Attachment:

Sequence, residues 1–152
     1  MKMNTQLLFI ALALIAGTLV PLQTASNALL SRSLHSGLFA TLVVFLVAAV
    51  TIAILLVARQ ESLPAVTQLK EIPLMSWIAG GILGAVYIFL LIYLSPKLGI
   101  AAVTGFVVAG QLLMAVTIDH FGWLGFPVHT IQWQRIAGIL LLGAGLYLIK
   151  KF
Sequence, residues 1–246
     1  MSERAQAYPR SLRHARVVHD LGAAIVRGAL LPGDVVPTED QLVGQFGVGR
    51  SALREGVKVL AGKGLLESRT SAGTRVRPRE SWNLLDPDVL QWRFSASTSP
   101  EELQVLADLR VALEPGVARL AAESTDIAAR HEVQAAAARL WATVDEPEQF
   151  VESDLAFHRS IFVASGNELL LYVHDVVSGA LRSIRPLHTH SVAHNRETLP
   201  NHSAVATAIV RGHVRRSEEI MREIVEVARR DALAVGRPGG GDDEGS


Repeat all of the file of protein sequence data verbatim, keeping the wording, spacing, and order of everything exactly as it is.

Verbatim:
Sequence, residues 1–152
     1  MKMNTQLLFI ALALIAGTLV PLQTASNALL SRSLHSGLFA TLVVFLVAAV
    51  TIAILLVARQ ESLPAVTQLK EIPLMSWIAG GILGAVYIFL LIYLSPKLGI
   101  AAVTGFVVAG QLLMAVTIDH FGWLGFPVHT IQWQRIAGIL LLGAGLYLIK
   151  KF
Sequence, residues 1–246
     1  MSERAQAYPR SLRHARVVHD LGAAIVRGAL LPGDVVPTED QLVGQFGVGR
    51  SALREGVKVL AGKGLLESRT SAGTRVRPRE SWNLLDPDVL QWRFSASTSP
   101  EELQVLADLR VALEPGVARL AAESTDIAAR HEVQAAAARL WATVDEPEQF
   151  VESDLAFHRS IFVASGNELL LYVHDVVSGA LRSIRPLHTH SVAHNRETLP
   201  NHSAVATAIV RGHVRRSEEI MREIVEVARR DALAVGRPGG GDDEGS